McEnany attended the same Rose Garden ceremony on Sept. 26 as several other prominent figures who have since announced that they have tested positive, including Trump, first lady Melania Trump, Sens. Mike Lee (R-Utah) and Thom Tillis (R-N.C.), and former New Jersey governor Chris Christie (R). Many of those attending the event, which formally introduced Trump’s nominee for the Supreme Court, Amy Coney Barrett, did not wear masks.

Upon taking over as press secretary, McEnany revived the long-dormant regular White House press briefings; her predecessor, Stephanie Grisham, didn’t brief the press once during her eight-month term.

McEnany, who rose to prominence as a Trump-friendly pundit on CNN and in other cable TV interviews, often used her briefings to hammer reporters about their questions and coverage of the president, reinforcing Trump’s messaging about news events and developments. Her polite but forceful manner made her a hero among Trump’s most avid supporters.

A signature of McEnany’s briefings were her closing comments, in which she essentially read a scripted monologue attacking some element of reporting on Trump. McEnany followed each mini-speech by leaving the lectern and taking no further questions.

In late June, for example, when asked about Trump’s denial of reports that Russian operatives had offered bounties to Taliban members to kill American troops in Afghanistan, McEnany didn’t address the substance of the stories; instead, she went after reporting about Trump and Russia in general. “It is inexcusable, the failed Russia reporting of the New York Times,” she said. “And I think it’s time that the New York Times, and also The Washington Post, hand back their Pulitzers” for reporting on the topic.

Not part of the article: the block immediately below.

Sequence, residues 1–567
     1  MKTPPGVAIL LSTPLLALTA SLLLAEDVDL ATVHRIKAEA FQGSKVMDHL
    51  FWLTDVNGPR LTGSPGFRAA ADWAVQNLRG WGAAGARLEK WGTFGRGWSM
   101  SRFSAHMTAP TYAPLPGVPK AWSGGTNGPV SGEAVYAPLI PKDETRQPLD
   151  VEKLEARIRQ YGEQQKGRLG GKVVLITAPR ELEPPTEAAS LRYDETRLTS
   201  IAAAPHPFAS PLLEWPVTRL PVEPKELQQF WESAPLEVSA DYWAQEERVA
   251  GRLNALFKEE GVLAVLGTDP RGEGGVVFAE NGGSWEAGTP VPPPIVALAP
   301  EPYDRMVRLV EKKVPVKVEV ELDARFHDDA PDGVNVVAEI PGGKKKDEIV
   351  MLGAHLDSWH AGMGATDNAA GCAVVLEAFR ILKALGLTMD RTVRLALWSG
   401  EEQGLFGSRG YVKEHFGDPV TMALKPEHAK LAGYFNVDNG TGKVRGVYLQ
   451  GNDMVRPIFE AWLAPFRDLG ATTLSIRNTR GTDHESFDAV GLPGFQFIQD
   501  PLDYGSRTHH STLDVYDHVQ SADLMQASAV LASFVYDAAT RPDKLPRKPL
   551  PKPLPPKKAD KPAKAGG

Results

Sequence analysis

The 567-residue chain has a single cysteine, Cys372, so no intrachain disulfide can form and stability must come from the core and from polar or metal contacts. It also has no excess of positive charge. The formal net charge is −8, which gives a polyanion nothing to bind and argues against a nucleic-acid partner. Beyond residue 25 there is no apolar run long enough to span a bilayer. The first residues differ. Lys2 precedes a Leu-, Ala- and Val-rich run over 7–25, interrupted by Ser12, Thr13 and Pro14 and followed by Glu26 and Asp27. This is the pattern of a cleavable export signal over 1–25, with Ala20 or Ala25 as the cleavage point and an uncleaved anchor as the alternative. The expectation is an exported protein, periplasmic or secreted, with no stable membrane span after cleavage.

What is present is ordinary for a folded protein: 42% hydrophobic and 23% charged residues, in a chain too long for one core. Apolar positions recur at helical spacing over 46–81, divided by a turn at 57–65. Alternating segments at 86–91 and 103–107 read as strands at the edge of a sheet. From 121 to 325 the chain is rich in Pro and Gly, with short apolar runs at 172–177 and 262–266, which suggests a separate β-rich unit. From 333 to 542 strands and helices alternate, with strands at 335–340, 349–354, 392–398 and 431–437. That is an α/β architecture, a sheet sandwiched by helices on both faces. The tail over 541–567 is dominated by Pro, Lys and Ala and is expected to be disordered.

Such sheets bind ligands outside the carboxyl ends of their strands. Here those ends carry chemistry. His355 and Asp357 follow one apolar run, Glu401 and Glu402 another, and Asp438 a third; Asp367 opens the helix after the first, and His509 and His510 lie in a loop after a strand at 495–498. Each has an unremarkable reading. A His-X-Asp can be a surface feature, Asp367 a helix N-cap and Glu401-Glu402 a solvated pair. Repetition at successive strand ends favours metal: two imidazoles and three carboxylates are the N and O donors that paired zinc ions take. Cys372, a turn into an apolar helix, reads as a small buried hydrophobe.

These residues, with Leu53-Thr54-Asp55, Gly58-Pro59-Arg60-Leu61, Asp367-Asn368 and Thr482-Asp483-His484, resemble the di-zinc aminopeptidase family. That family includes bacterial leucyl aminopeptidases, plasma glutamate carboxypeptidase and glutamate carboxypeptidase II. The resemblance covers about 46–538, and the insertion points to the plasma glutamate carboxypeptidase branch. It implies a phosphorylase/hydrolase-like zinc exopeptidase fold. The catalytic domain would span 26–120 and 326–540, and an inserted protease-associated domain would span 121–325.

Reporters began clearing out of the White House’s small briefing room and the workspaces behind it on the recommendation of the correspondents association Friday. McEnany held informal gaggles on the South and North lawns of the complex over the weekend, but it was unclear how these would be handled in the wake of her positive test.

The correspondents association told its members to continue the regimen instituted among White House journalists in March. “We strongly encourage our members to continue following [Centers for Disease Control and Prevention] guidance on mask-wearing and distancing — especially when at the White House — and urge journalists to seek testing if they were potentially exposed,” it said in its statement Monday.

McEnany pledged during her first briefing as press secretary not to lie, but she has frequently skirted direct questions or given nonresponsive answers.

During a briefing following the first presidential debate between Trump and former vice president Joe Biden last week, she was asked multiple times by Fox News reporter John Roberts why the president didn’t clearly and unambiguously denounce white supremacy when given the opportunity during the debate. McEnany repeatedly pointed to past comments while not addressing the president’s debate comments.

Jeremy Barr and Elahe Izadi contributed to this report.